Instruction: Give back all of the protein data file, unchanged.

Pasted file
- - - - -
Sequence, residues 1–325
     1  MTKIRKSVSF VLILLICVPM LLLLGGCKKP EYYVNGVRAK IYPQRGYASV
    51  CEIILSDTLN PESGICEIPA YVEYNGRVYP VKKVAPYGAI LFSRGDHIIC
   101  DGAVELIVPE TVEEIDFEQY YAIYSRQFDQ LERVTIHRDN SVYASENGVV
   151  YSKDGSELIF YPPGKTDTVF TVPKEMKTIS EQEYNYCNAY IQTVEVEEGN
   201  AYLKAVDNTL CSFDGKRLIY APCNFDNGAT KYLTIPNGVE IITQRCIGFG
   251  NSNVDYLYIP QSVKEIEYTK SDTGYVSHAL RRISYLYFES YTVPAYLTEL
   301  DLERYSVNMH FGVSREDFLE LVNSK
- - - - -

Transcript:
Sequence, residues 1–325
     1  MTKIRKSVSF VLILLICVPM LLLLGGCKKP EYYVNGVRAK IYPQRGYASV
    51  CEIILSDTLN PESGICEIPA YVEYNGRVYP VKKVAPYGAI LFSRGDHIIC
   101  DGAVELIVPE TVEEIDFEQY YAIYSRQFDQ LERVTIHRDN SVYASENGVV
   151  YSKDGSELIF YPPGKTDTVF TVPKEMKTIS EQEYNYCNAY IQTVEVEEGN
   201  AYLKAVDNTL CSFDGKRLIY APCNFDNGAT KYLTIPNGVE IITQRCIGFG
   251  NSNVDYLYIP QSVKEIEYTK SDTGYVSHAL RRISYLYFES YTVPAYLTEL
   301  DLERYSVNMH FGVSREDFLE LVNSK